WATCH: A rare and serious respiratory illness that has affected hundreds of children across the United States is spreading at an alarming rate and it’s feared it will cross the border into Canada. Jackson Proskow has the details.
TORONTO – A rare respiratory virus is sending hundreds of U.S. kids to the emergency room. But is enterovirus D68 a concern to Canadian health authorities?
The U.S. Centers for Disease Control and Prevention says that EV-D68 is making its way across at least 12 states in the Midwest, with many more regions monitoring their hospitals for the virus.
The affected states called on the CDC for help in investigating clusters of outbreaks.
A single Kansas City, Missouri, hospital is seeing more than 30 children a day for enterovirus – 15 per cent of the kids end up in intensive care, the CDC says.
While it’s typical for the obscure bug to make an appearance in the fall, its presence and severity this time around is unprecedented.
“Hospitalizations are higher than would be expected at this time of year,” Dr. Anne Schuchat, the CDC’s head of infectious diseases, said at a press briefing.
“The situation is evolving quickly.”
What are enteroviruses?
Enteroviruses are a group of viruses comprised of more than 100 different types of strains, according to Canadian microbiologist and author Jason Tetro.
“Each one has a particular structure and, as a result, a different function,” he told Global News.
Only a handful affect humans. Enterovirus D68 happens to be one of them.
(Other enteroviruses that are frequently seen in Canada include Coxsackie A19 and EV-71, which has caused outbreaks of hand-foot-and-mouth disease in kids.)
In healthy adults, enterovirus wouldn’t lead to any serious concerns, but it’s young kids who are most vulnerable – especially if they have additional respiratory issues.
READ MORE: How do you treat the common cold? Here’s what works and what doesn’t
“It’s just like the common cold and normally that’s about all that you get. However, in some cases it can deepen into a pneumonia and there’s even a possibility of the virus going into the blood,” Tetro explained.
It spreads just like the flu – through coughing, sneezing or close contact with infected patients.
Its rarity lies in its cycle. It doesn’t evolve as quickly as, say, the seasonal influenza so we only see waves of EV-D68 every few years.
North America may be entering a wave of enterovirus now, but it might not re-emerge for another five years to a decade. In this case, it started in the Philippines in 2009; clusters were then reported in New York City that year, the Netherlands by 2010 and it spread around the world from there, Tetro said.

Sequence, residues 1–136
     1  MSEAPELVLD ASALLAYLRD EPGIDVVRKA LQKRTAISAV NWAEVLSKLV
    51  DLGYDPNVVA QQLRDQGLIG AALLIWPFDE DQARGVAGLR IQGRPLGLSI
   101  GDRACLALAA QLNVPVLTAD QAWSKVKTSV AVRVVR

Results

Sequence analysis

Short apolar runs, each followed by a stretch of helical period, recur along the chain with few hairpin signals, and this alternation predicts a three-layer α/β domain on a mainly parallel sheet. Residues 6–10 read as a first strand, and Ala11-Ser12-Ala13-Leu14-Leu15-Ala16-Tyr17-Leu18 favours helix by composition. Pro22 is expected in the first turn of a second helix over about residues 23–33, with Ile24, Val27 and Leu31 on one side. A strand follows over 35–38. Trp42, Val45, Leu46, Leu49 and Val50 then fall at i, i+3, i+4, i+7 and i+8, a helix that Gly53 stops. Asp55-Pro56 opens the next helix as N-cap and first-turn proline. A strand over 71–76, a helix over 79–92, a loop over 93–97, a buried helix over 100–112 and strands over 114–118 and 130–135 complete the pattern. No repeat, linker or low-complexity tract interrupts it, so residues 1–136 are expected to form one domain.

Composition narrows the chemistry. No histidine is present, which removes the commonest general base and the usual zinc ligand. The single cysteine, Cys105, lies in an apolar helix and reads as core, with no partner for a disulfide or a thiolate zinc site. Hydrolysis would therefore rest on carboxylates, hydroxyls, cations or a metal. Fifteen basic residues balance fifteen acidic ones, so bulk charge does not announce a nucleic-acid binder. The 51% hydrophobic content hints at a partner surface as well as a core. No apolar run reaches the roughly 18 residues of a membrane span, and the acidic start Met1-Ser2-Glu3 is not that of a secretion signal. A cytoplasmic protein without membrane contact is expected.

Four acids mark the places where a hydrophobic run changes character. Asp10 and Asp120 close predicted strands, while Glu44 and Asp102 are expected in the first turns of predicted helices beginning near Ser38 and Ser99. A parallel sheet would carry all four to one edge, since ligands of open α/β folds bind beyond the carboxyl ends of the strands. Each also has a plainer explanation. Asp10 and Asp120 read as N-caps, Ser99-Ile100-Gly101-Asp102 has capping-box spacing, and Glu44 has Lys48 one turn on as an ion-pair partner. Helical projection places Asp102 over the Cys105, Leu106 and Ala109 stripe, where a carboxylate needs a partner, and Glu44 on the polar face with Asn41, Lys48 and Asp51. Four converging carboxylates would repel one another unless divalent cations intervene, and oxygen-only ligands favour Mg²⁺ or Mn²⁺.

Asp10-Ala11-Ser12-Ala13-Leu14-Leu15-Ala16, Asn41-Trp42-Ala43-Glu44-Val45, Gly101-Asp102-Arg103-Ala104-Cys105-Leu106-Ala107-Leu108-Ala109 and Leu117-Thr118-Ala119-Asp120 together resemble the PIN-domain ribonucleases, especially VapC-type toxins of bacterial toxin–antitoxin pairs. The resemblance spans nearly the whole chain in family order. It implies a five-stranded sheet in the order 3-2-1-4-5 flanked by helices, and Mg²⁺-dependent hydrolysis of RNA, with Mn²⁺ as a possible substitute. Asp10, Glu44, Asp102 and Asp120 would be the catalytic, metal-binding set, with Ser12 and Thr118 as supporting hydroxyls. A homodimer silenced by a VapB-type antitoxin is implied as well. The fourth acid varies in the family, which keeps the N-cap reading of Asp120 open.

WATCH: Global National health specialist Dr. Ali Zentner explains the symptoms of enterovirus and how concerned parents should be.
If your child is sick, pay attention to his or her symptoms, the experts advise. You can tell it’s beyond the common cold if he or she is having difficult or forced breathing.
READ MORE: Telling the difference between cold and flu symptoms
“The place where people should be more mindful is for kids who are getting sick quicker or in children who have other respiratory compromises where they would need medical attention sooner,” Dr. Ali Zentner told Global News.
If your child has a respiratory illness, such as asthma, the effects are going to be worse. A majority of the kids who tested positive for the virus in the U.S. had asthma. The doctors there urged parents to make sure their kids are staying on top of their medication routine.
Is EV-D68 on Canadian officials’ radar?
The Public Health Agency of Canada says EV-D68 is seen in Canada and, for the most part, is linked to mild respiratory infections and cold-like symptoms.
Because it’s so similar to the common cold, testing is required to confirm what the infection is. PHAC says it conducts tests upon requests from provincial health bodies. Since 1999, it’s identified 82 cases of EV-D68 in the country.
The federal agency says there hasn’t been an outbreak in Canada – there also have not been any hotspots popping up for the virus.
“There is no reason to suggest that this is an emerging infection that is increasing in incidence in Canada,” Robert Cyrenne, a PHAC communications officer, told Global News in a statement.
“Canadians should not be concerned but all Canadians are encouraged to take proper measures to protect themselves against the common cold and flu…,” he said.
Wash your hands, cough into your sleeve and stay home if you’re sick, he advised.
In the meantime, the agency is in close contact with U.S. public health officials. It has also worked with the Canadian Paediatric Society since February 2014 in advising pediatricians to watch for any cases when they started to surface in the U.S.
Read more about the CDC’s enterovirus updates here.